Oakland Group

Beware the tech sweetie jar!

If you like shiny new gadgets, an Energy and Utilities trade show is usually a sweet shop designed with you in mind. But just because it’s tempting doesn’t mean it’s good for you.

I hear so many tales of woe when I go to these shows. Things like control engineers having to look across ten different systems just to work out where an alarm came from or utilities paying vendors for access to their own data. The point is: that the tech sugar rush never lasts. And you’re often left with a bad taste in your mouth.

The biggest problem is that buyer’s remorse often leads to repeating the original mistake. When you’re feeling frustrated, the sweets look even more tempting. Maybe one more dip in the jar will fix it? But, actually, buying more devices and data services just deepens the hole you’re already in.

Annoyingly, it probably wasn’t you who dug the hole. It’s amazing how often these technologies make their way into the organisation before the data team(s) are even told. But regardless of origin, if you’re responsible for data architecture or data management, it’s probably your job to sort this problem out.

So what can you do? In our experience, there are some steps that nearly always make a big difference.

Think of them as the start of a healthier technology diet:

Make the organisation take a pause if you can. Getting procurement and senior leaders on side is usually the critical first step. You can’t plot a healthier future with a mouthful of sweets. Try to make this pause last long enough for you to mobilise and complete steps 2-5. It’s not the easiest conversation, but if you explain to people that they are about to waste their money, it tends to attract their attention.

Share what you have. What measurements are recorded by what devices, how often, in what formats, and where are they made available? What systems and points of integration already exist? Your organisation probably already has a lot more data than most of your colleagues think. They may not know it, but their impatience may well be about their access to data, not whether it exists. Share those insights with them, and use that goodwill to ask for their continued patience. Explain that more is coming. Then….

Bring data together. Define a data model that standardises and conforms to the presentation of data from different devices. Then, acquire all those different sources into a data repository or platform and align the data to that data model. The point here is that you are not measuring new data; you are giving the data you already have the comparability and supporting context to make it useful. Which is probably what everyone has wanted all along. Only they didn’t know it at the time.

Abstract away complexity. Present the enriched data you’ve created to end users in a way that removes the underlying movement and complexity. Create the capability to do the hard yards of data acquisition and transformation for them. Then, your (no longer frustrated) users can focus on their jobs. You have also now established control over the integration and presentation of device data. In your enabling role, you stand between the users and the value they are after. This should make it easier to hit that pause button in step 1 if you ever need to again.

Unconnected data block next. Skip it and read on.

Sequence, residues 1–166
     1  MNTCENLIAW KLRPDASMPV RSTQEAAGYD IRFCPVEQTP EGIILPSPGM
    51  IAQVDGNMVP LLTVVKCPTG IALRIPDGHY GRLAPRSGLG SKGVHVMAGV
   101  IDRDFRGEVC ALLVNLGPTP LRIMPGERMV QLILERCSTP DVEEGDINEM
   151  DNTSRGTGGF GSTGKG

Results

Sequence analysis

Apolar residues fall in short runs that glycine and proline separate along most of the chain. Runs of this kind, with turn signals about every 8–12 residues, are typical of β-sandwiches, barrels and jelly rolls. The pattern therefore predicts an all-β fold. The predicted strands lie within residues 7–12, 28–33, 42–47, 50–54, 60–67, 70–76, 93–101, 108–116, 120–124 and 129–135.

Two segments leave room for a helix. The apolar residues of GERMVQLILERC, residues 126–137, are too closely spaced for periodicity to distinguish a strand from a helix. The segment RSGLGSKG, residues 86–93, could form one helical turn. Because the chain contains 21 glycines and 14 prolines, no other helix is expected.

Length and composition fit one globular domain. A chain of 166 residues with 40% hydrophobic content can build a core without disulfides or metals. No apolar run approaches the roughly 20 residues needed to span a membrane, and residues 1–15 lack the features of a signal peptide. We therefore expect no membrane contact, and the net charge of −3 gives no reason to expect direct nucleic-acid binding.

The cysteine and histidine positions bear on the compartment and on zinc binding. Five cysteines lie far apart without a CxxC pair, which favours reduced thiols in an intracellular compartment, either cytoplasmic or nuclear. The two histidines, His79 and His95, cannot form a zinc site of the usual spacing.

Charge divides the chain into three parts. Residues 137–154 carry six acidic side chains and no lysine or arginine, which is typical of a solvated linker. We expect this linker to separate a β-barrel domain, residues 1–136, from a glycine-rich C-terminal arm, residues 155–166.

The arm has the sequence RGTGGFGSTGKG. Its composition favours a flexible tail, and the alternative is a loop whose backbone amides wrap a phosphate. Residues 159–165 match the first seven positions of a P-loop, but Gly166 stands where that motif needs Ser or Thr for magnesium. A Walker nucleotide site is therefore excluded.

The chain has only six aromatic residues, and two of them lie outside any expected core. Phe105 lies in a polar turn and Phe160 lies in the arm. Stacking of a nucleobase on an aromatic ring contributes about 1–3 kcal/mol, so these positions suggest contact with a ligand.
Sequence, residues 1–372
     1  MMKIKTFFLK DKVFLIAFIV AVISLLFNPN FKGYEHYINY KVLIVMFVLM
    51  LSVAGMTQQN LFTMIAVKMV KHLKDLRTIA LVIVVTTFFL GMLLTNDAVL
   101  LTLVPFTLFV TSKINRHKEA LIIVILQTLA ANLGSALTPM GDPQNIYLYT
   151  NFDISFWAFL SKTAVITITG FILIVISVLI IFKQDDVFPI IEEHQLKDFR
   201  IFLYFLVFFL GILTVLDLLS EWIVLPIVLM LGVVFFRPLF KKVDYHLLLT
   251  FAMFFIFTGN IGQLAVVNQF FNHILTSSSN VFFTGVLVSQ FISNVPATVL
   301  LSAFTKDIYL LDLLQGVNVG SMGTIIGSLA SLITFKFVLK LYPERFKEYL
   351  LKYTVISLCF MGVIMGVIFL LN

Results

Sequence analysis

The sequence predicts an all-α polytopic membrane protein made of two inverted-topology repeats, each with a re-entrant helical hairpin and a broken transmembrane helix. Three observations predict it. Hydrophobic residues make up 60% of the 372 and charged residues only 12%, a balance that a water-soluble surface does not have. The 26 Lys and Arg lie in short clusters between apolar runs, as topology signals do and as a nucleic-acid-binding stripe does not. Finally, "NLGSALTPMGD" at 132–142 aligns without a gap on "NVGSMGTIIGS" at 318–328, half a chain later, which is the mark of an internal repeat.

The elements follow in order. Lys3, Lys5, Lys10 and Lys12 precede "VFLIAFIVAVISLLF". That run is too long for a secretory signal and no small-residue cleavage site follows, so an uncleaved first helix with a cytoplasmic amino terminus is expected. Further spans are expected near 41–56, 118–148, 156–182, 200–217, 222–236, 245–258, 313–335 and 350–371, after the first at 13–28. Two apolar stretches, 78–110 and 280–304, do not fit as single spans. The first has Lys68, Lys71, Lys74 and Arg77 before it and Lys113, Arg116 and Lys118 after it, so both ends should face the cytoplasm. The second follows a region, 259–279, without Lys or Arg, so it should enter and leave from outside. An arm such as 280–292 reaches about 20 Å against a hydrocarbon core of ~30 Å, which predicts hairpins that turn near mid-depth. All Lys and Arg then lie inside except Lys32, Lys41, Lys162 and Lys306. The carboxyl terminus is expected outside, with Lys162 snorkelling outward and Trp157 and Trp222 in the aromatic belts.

Work with end users to extract everything possible out of the new information you’ve created. Until you and your users have worked with it and explored it, you won’t really know what’s missing and whether (if any) there are gaps in your existing device estate. If there are gaps, great, go and plug them. If not, also great, no more unnecessary expenditure.

The point here is that you can’t just buy insight off the shelf. This might not solve your sugar cravings, but very often, money is better spent on integrating and making sense of the data your organisation already has. This isn’t a particularly bleeding edge or technical proposition, it’s common sense, and best practice put into a few structured steps. Where most organisations fail, in our experience, is that they buy technology first and then try to work out what to do with it. They don’t have a pattern or a method to allow them to work out what they need first or deliver value when they’ve bought and installed it.

Transformative change can only happen when insight extends beyond specific process points or moments in time. Fundamentally it’s not the product of plug-and-play devices or the latest analytics tool the hype cycle has thrown up. It’s about creating a method for acquiring and presenting monitoring device data that spans the entire data value chain, with an overarching purpose and point of control. If you can get that right, the techie sugar headache should fade away.

Joe Horgan is a Senior Consultant at The Oakland Group